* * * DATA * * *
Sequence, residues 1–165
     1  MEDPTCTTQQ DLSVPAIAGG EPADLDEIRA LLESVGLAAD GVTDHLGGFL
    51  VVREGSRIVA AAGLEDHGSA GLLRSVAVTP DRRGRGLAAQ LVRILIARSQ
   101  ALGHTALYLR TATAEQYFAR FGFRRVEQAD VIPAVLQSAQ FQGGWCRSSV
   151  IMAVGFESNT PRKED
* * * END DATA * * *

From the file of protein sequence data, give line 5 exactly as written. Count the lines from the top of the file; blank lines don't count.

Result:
   151  IMAVGFESNT PRKED